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A Study into Debt and Equity Classification the UK Tax Deployment of Hybrid Securities (2010)

Ref: law0011

Hybrid financial instruments have been utilised for centuries but have been deployed to the international capital markets in the 1980’s as the same time as the market developed high yield debt, zero coupon debt. Moreover, the main objectives of the corporations to issue hybrid securities in the early days were (i) to meet specific gearing ratio, (ii) shareholders and voting structure of the company, (iii) current market conditions such as interest rates, exchange rates (iv) tax treatment of issuers and investors (v) capital requirement and stock exchange requirement. Hybrid securities have become fashionable among banks and insurance companies as a consequence of the regulatory capital adequacy imposed on banks which was issued by Basel Committee in late 1998. This regulatory allows a maximum of 15% of Tier 1 capital to be in a form of “innovative tier capital” which has a main characteristic as non-cumulative preference shares which is able to absorb losses within the bank but still contains expense deductibility on interest paid. For non-financial corporate sector, the use of hybrid soared since February 2005 when Moody's announced a new rule of rating treatment to hybrid capital by giving more equity rating to some certain types of hybrid capital. The new methodology is to divide the securities into five baskets along the debt-equity continuum. The most popular hybrid falls into Basket D and will be treated as 75% equity and 25% debt credit. To be qualified in this basket, the security has to contain some equity characteristics such as having no maturity date, being non-call for five to ten years and having interest deferral while still preserves an advantage of debt trait such as no dilution to shareholders’ interest and being cheaper than equity capital. Chapter 1 The use of hybrid securities and credit rating perspective What are hybrid securities? The nature of equity and its replication in hybrids Special feature: Payment in shares The nature of debt obligation and its replication in hybrids Why issue hybrids? – An issuer’s perspective Why invest in hybrids? – An investor’s perspective Why use hybrids? – Taxation perspective Chapter 2 Domestic tax law classification and tax treaty classification Overview Domestic tax law classification First method: Integration Second method: Bifurcation Thin Capitalisation classification Cross-border situation Tax treaty classification Dividend definition Interest definition Double taxation relief Chapter 3 UK tax law classification Overview Tax treatment of interest paid.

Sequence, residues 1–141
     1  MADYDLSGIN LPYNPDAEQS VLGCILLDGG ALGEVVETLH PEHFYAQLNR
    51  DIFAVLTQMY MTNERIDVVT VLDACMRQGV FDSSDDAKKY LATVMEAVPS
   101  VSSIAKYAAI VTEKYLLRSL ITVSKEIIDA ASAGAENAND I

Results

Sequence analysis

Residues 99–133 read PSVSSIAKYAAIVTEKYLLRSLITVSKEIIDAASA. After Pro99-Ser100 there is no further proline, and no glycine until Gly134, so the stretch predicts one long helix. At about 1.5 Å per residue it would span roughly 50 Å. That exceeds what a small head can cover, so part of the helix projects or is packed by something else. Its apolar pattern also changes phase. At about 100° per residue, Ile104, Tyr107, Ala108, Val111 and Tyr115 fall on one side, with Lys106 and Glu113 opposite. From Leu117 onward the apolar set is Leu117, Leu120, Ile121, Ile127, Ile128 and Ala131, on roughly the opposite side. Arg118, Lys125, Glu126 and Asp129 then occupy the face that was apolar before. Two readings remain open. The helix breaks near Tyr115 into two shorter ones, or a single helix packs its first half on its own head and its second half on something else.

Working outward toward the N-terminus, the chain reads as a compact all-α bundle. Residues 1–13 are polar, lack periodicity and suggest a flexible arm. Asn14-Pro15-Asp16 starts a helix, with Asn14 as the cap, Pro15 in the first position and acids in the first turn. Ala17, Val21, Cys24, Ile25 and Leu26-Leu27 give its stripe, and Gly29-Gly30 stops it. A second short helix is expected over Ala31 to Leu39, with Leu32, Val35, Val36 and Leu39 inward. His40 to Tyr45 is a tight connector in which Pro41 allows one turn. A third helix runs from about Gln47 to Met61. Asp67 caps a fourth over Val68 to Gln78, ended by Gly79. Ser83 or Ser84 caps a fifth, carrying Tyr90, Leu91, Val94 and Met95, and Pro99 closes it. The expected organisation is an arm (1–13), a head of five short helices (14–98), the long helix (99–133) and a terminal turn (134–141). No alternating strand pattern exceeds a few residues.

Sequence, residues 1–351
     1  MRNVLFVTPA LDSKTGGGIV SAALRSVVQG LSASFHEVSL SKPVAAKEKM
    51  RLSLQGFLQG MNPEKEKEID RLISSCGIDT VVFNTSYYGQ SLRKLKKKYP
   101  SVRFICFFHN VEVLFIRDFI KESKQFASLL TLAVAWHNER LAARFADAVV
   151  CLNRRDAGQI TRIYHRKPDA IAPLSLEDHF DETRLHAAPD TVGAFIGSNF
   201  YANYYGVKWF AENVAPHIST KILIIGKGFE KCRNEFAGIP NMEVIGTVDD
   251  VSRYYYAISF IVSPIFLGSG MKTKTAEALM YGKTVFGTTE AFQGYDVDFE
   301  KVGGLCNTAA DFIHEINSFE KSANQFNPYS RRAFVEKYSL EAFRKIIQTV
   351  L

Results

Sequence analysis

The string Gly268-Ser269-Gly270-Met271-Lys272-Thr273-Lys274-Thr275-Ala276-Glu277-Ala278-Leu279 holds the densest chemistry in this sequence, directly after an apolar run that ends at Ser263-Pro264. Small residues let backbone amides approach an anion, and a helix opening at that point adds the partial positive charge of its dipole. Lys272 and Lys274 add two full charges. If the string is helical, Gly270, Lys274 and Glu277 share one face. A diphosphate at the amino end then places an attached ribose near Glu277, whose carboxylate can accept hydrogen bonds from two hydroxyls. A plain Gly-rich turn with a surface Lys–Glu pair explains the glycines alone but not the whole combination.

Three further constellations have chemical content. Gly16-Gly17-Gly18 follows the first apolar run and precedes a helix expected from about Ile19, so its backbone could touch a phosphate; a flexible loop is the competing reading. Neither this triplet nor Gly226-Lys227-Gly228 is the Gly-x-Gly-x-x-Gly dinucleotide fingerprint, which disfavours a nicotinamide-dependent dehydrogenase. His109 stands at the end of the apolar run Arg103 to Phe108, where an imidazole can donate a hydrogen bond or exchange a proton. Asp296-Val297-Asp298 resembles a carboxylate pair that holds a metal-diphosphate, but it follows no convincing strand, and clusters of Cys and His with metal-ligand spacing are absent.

• 12,000 words – 50 pages in length
  • Outstanding use of literature
  • Expertly written throughout
  • Outstanding piece of work
  • Ideal for law and business students 


1: The use of hybrid securities and credit rating perspective
What are hybrid securities?
The nature of equity and its replication in hybrids
Special feature: Payment in shares
The nature of debt obligation and its replication in hybrids
Why issue hybrids? – An issuer’s perspective
Why invest in hybrids? – An investor’s perspective
Why use hybrids? – Taxation perspective

2: Domestic tax law classification and tax treaty classification
Domestic tax law classification
First method: Integration
Second method: Bifurcation
Thin Capitalisation classification
Cross-border situation
Tax treaty classification
Dividend definition
Interest definition
Double taxation relief

3: UK tax law classification
Tax treatment of interest paid
Application of integration method: Reclassification of payments
Application of bifurcation method
UK Thin Capitalisation classification
Accounting classification
Consequences of classification under integration method
Consequences of classification under bifurcation method: Convertible bonds
Application of withholding tax

Conclusion

Bibliography



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